Central nervous system (CNS) infections caused by brown-black or dematiaceous fungi are distinctly rare and represent a small proportion of infections termed phaeohyphomycoses. However, these are becoming more commonly reported. Though many fungi have been implicated in disease, most cases are caused by only a few species, Cladophialophora bantiana
being the most common. Most of the fungi described are molds, and often cause infection in immunocompetent individuals, in contrast to infection with other more common molds such as Aspergillus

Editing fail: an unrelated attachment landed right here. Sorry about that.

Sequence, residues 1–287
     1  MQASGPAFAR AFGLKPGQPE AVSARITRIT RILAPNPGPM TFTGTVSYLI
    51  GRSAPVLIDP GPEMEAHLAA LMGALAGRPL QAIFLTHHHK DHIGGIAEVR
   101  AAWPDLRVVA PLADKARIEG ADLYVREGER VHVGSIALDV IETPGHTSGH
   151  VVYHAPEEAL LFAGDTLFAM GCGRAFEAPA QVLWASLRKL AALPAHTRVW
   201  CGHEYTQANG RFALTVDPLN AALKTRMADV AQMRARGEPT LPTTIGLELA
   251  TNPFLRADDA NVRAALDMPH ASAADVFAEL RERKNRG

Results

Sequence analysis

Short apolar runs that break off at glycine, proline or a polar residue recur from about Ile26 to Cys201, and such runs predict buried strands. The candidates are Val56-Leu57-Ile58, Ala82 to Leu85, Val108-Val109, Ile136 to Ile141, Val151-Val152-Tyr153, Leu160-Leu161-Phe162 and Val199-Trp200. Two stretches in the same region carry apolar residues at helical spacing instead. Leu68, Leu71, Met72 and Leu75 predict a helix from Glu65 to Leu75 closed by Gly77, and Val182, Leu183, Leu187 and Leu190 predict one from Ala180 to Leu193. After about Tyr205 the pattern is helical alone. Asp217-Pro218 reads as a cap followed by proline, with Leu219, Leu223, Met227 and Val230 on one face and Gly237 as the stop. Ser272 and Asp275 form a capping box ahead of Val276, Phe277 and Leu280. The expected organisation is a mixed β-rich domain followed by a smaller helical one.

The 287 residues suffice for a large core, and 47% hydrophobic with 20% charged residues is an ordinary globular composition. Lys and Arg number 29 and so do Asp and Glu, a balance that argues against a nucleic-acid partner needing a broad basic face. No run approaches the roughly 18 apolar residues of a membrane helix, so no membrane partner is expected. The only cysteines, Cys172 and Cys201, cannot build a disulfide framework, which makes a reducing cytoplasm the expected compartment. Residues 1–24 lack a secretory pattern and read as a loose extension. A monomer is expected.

, which is usually seen in highly immunocompromised patients. Diagnosis is challenging, as there are no specific tests for this group of fungi. In addition, these infections are often refractory to standard drug therapies, requiring an aggressive combined surgical and medical approach to improve outcomes, yet mortality remains high. There are no standardized treatments due to a lack of randomized clinical trials, though guidelines have been published based on available data and expert opinion.
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